-Another explanation for falling fertility could be a reduction in the frequency of sex in populations with low birth rates. For example, according to a survey published by the Japanese Family Planning Association in March 2007, a record 39.7 per cent of Japanese citizens aged 16–49 had not had sex for more than a month. A study came to the result that instability of modern partnerships is a major cause of European sub-replacement fertility. Also, a number of sociologists and demographers have pointed out that among those who co-habit, without marrying, are now usually likely to have fewer children than those who are married, due to the lack of commitment in the male/female relationship. This uncertainty induces a ‘wait and see’ approach in many cases, especially on the part of the female. Now, that concludes my compilation of the factors leading to a declining birth rate. Let us move on to the analysing of campaigns over the years and how it has made an impact to the declining birth rates as part of the government policies.
Campaigns Over the years, there have been many campaigns introduced in the effort to lower or raise the birth rate. Some examples include the ‘stop at two’ campaign, the ‘have three if you can afford it’ campaign and the many posters and comics made to promote having more babies and introducing old folks into the workforce. Recently, there have been many articles in the newspaper writing all about the declining birth rates. There has recently also been an increase in the birth rate package with involves a hefty sum of two billion Singapore dollars. However, whether this latest campaign works is yet to be seen.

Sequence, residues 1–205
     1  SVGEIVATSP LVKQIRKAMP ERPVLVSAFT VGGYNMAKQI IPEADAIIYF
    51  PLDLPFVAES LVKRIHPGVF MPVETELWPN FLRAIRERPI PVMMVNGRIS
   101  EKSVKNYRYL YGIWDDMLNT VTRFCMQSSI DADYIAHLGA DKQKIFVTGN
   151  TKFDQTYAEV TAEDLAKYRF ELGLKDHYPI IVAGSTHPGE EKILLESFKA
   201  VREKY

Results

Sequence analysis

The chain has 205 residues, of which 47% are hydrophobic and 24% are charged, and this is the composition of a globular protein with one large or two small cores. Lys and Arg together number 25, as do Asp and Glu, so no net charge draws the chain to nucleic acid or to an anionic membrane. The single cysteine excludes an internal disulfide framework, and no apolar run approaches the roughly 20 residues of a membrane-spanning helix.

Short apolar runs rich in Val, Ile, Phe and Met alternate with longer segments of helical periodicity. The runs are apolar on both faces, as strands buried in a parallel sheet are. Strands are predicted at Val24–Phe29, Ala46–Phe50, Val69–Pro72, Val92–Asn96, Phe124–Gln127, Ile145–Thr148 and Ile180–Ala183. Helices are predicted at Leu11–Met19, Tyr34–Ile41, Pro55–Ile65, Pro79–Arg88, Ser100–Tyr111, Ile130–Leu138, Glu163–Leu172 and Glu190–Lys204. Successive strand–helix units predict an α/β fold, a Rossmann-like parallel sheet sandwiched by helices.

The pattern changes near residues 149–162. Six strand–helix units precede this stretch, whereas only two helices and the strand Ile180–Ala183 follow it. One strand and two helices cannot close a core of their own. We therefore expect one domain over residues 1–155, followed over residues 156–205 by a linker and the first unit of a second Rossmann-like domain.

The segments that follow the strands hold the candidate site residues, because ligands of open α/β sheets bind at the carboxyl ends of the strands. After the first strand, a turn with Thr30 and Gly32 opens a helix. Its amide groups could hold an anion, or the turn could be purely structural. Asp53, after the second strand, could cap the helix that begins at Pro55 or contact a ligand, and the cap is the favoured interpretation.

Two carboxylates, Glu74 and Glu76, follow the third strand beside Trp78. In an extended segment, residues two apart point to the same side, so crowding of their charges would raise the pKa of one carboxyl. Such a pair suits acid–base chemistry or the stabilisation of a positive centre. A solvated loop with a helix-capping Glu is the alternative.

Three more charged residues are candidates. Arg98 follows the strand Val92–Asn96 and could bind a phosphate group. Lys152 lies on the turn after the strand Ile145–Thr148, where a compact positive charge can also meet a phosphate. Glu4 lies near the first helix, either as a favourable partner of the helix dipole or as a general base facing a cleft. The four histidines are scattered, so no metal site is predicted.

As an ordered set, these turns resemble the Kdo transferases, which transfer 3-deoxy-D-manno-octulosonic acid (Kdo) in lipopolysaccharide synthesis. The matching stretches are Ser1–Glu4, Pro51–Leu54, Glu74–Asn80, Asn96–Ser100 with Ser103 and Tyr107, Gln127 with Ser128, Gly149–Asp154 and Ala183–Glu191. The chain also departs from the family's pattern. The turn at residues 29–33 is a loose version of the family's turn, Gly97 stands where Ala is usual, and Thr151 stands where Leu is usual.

Campaigns Birth Package
In other countries, there are also campaigns aiming for the same things that we have covered. An example of a policy is China’s famous ‘one child policy’. It restricts urban couples to only one child, while allowing additional children in several cases, including twins, rural couples, ethnic minorities, and couples who are both only children themselves. In 2007, according to a spokesperson of the Committee on the One-Child Policy, approximately 35.9% of China’s population was subject to a one-child restriction. However, The Special Administrative Regions of Hong Kong and Macau are exempt from the policy. In addition, exempt from this law are foreigners living in China. This policy was introduced in 1978 and initially applied from 1979. It was created by the Chinese government to alleviate social, economic, and environmental problems in China. China is a big country that, even though methods have been implemented, China’s population is still large. Thus, China’s government would feel the need of implementing the various methods that have been devised in order to solve this problem.
Courtney from Study Moose